Yes, your data is secure. eCenter Research and iWeb (server host) have undergone extensive inspection by Public Works and Government Services Canada (PWGSC) to ensure that the facility and servers meet the security requirements necessary to store personal information.

eCenter meets or exceeds the requirements of, and adheres to,Canada’s Personal Information Protection and Electronic Documents Act (PIPEDA). Both server host organizations for this project are located in Ontario and have also confirmed that they meet or exceed the requirements within Ontario’s Personal Health Information Protection Act (PHIPA 2004).

The potential for breach of privacy is extremely low and there are clear protocols in place:

  • eCenter is responsible for notifying staff users/centres of any breach in security related to server protection and data protection.
  • eCenter Research uses specialized techniques, including transparent encryption of data which means that in the unlikely event of server theft and/or malicious unauthorized access to client data, it is not possible for anyone to read the content of the database.

Yes, eCenter Research has developed online training modules that guide you through:

  • setting up AMIS at your treatment centre
  • providing administrative access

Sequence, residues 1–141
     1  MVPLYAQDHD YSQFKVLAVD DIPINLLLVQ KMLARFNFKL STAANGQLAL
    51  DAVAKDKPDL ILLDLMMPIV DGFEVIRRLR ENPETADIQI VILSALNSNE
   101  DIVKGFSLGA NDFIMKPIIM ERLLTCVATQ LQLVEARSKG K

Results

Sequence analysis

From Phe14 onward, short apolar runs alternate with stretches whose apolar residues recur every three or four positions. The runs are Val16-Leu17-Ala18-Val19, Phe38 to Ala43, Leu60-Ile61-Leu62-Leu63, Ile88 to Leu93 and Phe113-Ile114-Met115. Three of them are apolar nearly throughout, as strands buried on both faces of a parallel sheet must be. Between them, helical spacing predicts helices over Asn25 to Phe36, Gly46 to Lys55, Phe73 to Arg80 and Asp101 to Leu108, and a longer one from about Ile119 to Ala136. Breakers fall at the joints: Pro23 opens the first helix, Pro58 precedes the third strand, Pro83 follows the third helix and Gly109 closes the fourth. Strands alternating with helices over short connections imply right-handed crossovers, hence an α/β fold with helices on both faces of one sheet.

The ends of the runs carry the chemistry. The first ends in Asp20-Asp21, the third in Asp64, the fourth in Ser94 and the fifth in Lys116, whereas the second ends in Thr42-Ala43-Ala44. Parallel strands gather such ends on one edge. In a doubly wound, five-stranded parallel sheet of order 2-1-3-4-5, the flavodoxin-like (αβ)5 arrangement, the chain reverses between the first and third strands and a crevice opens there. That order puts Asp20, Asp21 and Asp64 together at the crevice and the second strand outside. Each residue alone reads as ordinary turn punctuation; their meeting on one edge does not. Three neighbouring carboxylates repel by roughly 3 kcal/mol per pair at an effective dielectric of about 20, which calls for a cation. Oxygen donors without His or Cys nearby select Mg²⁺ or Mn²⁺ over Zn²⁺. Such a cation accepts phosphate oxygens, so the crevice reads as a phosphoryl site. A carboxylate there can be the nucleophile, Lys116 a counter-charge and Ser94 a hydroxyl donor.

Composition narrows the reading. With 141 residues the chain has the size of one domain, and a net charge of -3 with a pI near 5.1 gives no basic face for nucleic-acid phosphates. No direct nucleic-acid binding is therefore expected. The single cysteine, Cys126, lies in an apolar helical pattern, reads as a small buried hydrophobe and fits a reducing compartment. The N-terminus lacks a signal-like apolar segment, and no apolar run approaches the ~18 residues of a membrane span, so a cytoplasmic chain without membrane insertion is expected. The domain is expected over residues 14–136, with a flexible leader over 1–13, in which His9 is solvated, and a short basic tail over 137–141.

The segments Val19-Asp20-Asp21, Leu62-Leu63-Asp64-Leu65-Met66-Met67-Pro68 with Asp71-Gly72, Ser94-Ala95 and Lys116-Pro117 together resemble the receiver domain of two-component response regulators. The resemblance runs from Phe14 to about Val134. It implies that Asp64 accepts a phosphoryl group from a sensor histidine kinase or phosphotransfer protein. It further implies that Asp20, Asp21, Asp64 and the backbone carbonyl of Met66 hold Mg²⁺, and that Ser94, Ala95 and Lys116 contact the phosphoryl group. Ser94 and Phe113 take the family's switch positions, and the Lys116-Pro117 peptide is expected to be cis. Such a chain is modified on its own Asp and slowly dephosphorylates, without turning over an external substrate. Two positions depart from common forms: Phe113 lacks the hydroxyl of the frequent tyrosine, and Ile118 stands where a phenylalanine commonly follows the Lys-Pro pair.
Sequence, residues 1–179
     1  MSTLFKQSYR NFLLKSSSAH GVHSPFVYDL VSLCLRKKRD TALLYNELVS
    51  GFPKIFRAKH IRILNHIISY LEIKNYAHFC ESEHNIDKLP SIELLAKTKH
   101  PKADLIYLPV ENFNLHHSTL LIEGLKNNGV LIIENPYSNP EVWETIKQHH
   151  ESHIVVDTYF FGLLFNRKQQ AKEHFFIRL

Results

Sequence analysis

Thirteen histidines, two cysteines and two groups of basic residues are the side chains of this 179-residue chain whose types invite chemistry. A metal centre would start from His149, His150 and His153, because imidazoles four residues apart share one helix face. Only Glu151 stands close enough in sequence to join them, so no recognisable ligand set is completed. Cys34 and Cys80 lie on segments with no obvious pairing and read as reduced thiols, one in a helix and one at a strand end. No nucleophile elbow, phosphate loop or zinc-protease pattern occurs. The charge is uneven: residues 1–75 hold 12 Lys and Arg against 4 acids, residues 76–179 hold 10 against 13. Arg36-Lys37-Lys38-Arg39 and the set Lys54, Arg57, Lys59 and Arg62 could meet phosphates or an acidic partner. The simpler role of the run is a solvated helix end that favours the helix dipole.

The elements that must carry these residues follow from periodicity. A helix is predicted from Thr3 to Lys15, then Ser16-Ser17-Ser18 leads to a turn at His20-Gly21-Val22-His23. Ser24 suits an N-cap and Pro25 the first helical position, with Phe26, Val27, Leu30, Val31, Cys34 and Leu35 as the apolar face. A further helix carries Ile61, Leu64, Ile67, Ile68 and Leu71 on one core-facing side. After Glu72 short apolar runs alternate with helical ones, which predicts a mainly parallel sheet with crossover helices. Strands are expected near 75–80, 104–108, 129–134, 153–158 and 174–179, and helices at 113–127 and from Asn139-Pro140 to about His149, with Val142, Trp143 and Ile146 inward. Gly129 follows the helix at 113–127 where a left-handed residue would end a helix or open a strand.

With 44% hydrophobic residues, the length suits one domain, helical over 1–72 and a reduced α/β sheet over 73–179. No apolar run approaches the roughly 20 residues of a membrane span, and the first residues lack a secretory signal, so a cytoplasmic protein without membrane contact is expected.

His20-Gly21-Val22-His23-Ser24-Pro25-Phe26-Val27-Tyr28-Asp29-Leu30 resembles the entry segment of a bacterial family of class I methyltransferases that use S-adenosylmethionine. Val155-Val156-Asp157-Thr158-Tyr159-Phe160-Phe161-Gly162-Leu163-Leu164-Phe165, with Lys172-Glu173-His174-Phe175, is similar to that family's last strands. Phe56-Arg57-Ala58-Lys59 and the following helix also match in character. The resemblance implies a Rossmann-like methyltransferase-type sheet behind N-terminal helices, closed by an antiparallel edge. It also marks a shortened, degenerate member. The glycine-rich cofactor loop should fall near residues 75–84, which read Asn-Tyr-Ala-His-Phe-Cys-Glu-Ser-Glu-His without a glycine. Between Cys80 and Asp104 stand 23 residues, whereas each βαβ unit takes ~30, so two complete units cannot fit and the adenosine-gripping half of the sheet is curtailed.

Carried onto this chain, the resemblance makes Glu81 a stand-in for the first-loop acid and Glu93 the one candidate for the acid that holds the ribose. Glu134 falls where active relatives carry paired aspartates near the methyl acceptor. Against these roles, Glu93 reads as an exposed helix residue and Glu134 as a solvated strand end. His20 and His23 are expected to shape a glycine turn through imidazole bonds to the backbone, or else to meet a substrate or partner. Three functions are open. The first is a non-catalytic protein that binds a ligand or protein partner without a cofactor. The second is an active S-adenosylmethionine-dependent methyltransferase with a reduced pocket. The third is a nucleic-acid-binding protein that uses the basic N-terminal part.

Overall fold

• entering and managing client records
  • generating reports

You will have access to a user manual plus online and live support through eCenter Research which includes:

  • Weekly online drop in support and training webinars
  • Phone, email, chat, remote control, and online support
  • Monitoring usage and follow up to ensure resolution of issues

These training modules will be permanently available for use and can become a routine part of your staff orientation plan if you choose to use it that way.

No it is not mandatory to use the AMIS. However, the use of AMIS will improve your work efficiency, help track trends and statistics and contribute to accurate information about local, regional, and national trends.

Yes, AMIS is available in French.

If you are experiencing slow connection or page load speeds, please run the following tests in the order listed:

  • Using a laptop computer that is connected by Wi-Fi (wireless connection) to your network, open your internet browser, go to and click on the “begin test” button. If your speeds are less than 5mbps download and 1mbps upload, continue and run the next test.
  • Using a computer that is connected by wire to your network (an ethernet cable is usually a thick blue or grey cable). Repeat the same steps as above. Your download speed should be 5mbps (megabits per second) or greater and your upload speed should be 1mbps or greater.

If your WIFI test speeds are less than 5mbps download and 1mbps upload but you’re getting higher speeds (greater than 5mbps download) from the wired test speeds, you may have a wireless router that cannot handle the speed or number of connections/bandwidths needed when all staff are accessing the Wi-Fi network.

If you are not getting a minimum download speed of 5mbps and minimum upload speed of 1mbps with either your wireless or wired computer connection to the internet, your internet service provider may be throttling your access speed/bandwidth and as a result you are not receiving high speed internet. Contact your internet provider to discuss.

More information can be found under “the basics” sections within the “support” section: